“I wish someone had told me” is a series of posts that feed into our inquisitive nature at CN&CO. Each week we hear from someone in our network about something interesting or surprising that’s recently happened or occurred to them – or lessons they learnt. These blogs are a way to pay it forward and form part of CN&CO’s belief that the world can be a better place – and we all have a responsibility to make it so. This week’s post is by Josie Dougall about how rich her life is thanks to her black mother and now, more so, her right-hand mother.
I grew up as a privileged white South African. Privileged because I was free from oppression. Privileged because I had a mother and father who I lived in a house with who loved and cared for me. Privileged because I was exposed to a network of other privileged people who cared for me. Privileged because I went to school, with shoes on my feet, books in my bag and breakfast in my tummy. I was also privileged because, as well as my biological mother who adored and cared for me, I had a black mother called Clara Dladla who was my everything. She woke me, dressed me, fed me, played with me, kept me out of danger, scolded me, laughed with me, hugged me, cooked for me, cleaned my clothes, made my bed, taught me to speak Zulu, taught me manners, picked me up when I fell, and was my rock.
Clara allowed my mum to be a better mum, and my mum was the first person to admit that. She was part of the proverbial “village” that it takes to raise a child. She gave my mum a break so that when at boiling point and ready to lose her cool, as all parents can, she could leave, breathe and have time out, and come back with a cool temper and patience and love me calmly once more. As a family we always laughed at Clara’s nickname for my mum in Zulu. uMuvuthusa – it means “The one that explodes (like thunder)”. This dual raising of children shared between a South African domestic nanny and a mother is a part of our fibre. All of my friends, black and white, have such beautiful memories of these “second mothers” who raise us on a daily basis.
So what I wish someone had told me is, how incredibly special this relationship between nanny and mother is to the mother as well. I had the privilege of having Phindi Mthonti as my right hand for the first two years of Grace’s life. I only realised how vital a role she played, when she left to pursue a career in nursing, and for 10 months my life fell apart. I missed her. I needed her. I didn’t know how to be a functioning mother without her. Her presence is still missed. After Phindi I had Thembi Msane who adored and cared for my Frankie for the first eight months of her life. Being an uptight, rigid, caucasian… I was addicted to schedules, I had Frankie’s schedules plastered all over the house. When I would come in from a meeting at lunch time and grill Thembi about when Frankie had eaten, how many millilitres had she drunk, and why it was 14:30 and she was playing not sleeping. And Thembs would just look at me calmly and say: “Frankie is happy; she will tell us when she’s tired. When she is hungry, she will tell us”. And she is SO RIGHT! Thembi made me completely relax as a mother and just trust my gut and trust my baby to communicate with me. (I haven’t completely let go of my schedules… but I do try!)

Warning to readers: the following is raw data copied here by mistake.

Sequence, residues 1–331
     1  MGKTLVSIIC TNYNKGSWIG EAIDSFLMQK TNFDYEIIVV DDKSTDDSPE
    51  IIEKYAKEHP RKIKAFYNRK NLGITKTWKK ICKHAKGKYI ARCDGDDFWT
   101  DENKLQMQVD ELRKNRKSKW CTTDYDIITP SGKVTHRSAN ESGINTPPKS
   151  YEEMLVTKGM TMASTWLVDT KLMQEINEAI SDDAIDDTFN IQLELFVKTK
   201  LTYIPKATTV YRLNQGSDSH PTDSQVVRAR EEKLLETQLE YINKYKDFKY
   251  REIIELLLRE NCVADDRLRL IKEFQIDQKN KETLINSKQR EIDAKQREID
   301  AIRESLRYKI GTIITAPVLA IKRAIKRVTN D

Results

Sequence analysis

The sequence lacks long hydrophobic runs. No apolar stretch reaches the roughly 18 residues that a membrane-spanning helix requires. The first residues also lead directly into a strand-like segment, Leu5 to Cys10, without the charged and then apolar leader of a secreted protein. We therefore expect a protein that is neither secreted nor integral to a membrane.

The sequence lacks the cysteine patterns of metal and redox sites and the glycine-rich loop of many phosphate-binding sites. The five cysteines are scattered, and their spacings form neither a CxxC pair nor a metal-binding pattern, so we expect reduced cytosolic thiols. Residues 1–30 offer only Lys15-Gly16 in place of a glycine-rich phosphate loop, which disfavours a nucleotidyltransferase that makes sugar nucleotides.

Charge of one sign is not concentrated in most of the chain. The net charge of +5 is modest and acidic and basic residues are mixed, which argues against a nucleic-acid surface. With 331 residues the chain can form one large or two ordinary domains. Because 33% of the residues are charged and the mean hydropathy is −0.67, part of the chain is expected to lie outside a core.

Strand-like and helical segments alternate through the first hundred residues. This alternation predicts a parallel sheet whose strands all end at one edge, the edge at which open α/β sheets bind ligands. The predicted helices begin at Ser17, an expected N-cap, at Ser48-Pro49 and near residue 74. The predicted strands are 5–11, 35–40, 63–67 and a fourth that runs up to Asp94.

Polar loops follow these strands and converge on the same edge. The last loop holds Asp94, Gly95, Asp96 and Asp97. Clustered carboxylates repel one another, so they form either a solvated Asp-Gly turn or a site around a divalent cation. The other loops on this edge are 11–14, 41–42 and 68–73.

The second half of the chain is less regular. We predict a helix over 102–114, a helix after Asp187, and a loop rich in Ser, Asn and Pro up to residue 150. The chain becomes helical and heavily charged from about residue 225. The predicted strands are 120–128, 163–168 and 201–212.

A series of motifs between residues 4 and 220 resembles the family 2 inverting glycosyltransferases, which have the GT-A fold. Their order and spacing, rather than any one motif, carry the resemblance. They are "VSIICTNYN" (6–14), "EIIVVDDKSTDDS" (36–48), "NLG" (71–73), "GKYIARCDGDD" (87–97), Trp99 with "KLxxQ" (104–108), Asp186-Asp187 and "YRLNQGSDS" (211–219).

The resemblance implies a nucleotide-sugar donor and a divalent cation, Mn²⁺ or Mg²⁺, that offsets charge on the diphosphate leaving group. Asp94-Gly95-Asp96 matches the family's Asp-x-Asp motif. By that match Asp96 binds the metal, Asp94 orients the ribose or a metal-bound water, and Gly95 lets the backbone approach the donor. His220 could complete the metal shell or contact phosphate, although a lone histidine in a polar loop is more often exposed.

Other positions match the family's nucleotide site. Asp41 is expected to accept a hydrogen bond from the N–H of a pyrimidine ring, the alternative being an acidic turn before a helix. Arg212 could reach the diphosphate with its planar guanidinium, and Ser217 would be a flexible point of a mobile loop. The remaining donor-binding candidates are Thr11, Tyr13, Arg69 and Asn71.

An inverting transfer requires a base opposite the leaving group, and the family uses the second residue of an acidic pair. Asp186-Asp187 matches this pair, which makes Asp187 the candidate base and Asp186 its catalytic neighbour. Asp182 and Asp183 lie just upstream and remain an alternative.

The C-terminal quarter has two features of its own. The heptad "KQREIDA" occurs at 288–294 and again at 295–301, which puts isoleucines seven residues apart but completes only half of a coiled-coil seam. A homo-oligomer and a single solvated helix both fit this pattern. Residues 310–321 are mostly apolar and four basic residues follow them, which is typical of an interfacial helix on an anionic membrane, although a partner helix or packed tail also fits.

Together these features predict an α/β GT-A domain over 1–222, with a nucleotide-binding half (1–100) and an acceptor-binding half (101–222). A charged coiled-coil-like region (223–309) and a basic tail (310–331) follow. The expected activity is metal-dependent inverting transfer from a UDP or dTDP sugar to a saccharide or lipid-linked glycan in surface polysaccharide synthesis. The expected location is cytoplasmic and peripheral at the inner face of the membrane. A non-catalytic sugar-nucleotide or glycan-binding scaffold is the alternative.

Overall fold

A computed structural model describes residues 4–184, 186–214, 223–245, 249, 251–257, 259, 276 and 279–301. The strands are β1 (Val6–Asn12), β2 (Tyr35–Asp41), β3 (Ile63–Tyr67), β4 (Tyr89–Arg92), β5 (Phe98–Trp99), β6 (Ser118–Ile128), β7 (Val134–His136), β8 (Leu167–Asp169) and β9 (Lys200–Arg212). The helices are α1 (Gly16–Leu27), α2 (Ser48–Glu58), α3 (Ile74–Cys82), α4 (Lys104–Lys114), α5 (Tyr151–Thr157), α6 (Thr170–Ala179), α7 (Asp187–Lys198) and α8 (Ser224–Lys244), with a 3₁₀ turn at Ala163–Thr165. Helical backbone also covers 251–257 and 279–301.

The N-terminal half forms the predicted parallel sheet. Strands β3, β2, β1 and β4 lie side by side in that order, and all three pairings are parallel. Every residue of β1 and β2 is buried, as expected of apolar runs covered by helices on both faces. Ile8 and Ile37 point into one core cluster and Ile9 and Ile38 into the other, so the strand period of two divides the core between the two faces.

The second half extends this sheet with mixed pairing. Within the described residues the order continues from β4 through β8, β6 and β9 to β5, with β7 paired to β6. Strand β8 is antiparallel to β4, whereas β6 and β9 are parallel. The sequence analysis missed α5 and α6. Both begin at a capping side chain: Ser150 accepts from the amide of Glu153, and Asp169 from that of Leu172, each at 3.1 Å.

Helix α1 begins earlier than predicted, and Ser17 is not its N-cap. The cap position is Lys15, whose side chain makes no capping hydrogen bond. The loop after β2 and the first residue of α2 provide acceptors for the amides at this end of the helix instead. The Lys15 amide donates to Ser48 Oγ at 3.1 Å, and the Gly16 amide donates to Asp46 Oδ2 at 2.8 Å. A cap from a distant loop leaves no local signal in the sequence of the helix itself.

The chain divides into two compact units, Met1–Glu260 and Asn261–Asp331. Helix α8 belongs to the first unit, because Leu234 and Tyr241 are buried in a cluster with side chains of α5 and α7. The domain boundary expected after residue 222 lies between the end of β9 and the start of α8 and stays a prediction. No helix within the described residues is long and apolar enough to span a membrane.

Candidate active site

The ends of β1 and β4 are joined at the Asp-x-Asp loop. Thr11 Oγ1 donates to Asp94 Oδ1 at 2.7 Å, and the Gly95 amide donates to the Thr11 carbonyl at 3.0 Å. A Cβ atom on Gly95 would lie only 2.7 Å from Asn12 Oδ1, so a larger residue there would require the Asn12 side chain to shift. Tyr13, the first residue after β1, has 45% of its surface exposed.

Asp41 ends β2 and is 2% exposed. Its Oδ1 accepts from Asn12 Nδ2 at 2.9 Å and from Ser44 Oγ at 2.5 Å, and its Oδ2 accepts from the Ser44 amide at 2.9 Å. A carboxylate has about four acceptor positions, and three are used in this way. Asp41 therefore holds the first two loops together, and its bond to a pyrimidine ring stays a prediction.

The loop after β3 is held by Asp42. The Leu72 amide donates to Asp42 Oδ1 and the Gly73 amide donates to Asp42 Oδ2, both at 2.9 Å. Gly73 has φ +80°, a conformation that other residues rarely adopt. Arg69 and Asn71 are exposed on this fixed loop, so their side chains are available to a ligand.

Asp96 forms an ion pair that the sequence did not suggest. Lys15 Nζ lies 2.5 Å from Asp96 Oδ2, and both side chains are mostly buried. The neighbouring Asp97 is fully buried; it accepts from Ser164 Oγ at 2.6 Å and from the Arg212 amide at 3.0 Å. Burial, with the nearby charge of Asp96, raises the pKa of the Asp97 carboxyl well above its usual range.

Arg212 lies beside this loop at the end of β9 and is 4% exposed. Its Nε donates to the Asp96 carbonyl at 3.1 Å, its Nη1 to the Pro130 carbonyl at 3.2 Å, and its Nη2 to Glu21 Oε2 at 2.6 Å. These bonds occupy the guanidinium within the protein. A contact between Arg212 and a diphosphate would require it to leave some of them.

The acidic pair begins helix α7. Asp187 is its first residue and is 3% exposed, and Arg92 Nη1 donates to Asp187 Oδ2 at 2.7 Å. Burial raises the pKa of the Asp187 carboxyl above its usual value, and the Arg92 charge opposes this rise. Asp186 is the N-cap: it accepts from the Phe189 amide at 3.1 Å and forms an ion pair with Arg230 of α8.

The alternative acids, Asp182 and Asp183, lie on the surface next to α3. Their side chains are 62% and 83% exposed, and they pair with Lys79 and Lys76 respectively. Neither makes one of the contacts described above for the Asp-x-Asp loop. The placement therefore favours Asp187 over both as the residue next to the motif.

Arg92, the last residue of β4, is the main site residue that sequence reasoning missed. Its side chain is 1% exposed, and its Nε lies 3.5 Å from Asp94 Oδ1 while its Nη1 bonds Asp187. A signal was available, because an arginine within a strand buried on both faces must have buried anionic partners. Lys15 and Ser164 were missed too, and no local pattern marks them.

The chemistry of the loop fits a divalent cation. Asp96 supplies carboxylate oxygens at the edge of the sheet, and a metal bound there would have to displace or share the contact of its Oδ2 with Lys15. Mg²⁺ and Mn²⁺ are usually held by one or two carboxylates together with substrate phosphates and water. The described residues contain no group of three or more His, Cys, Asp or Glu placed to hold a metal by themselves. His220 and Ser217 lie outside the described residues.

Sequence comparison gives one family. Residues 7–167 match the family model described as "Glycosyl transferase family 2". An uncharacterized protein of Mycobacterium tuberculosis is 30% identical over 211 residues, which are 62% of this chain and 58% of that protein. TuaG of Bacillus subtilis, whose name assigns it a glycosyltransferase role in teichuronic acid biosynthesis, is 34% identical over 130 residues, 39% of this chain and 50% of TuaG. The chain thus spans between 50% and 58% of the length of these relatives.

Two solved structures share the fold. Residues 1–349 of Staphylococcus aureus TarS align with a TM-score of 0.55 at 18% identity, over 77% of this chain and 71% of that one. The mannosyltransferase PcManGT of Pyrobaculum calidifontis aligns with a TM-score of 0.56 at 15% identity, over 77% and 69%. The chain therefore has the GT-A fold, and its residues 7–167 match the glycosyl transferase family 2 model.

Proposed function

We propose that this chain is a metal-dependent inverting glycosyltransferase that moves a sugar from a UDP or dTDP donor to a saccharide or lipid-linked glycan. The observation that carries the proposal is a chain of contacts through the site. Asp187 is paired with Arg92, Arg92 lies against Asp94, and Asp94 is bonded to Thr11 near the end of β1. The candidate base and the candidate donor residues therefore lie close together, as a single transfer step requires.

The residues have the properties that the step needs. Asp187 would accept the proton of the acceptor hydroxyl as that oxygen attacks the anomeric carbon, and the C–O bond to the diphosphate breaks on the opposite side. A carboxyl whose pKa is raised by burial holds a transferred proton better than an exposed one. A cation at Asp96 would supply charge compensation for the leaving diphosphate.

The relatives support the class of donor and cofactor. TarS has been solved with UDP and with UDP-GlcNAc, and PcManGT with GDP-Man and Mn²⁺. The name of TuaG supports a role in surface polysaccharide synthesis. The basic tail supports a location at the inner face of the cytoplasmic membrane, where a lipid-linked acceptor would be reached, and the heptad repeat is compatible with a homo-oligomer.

I think back to moments where my mum and Clara would share hysterical laughter together, share the pain of incredible loss together (Clara lost three children during her career with us and my mum some significant losses, too), when Clara’s daughter was raped, Clara brought her straight to our house, and as a very young child I remember being struck by the enormity of what was going on behind that closed kitchen door as I was whisked away to another part of the house.
These women share our lives, literally, as they work in our homes daily. They are our counsel and we theirs, we pay their salaries but we are also their friends. And we put the ultimate trust in them. The trust of caring for our children.
I just think it is such a fundamentally huge part of our lives as South Africans. It is unique to our country and our lives. Families in most of the rest of the world don’t have this privilege. And I want to honour these women who love and care for our families.
I can with 100% conviction say that I am who I am today, because of Clara Dladla. She was as present to me growing up as Mem Holley was. I love her. I am thankful for her. And above all I hope that one day Grace and Frances look back on their lives feeling richer for the other mother(s) who helped me to raise them.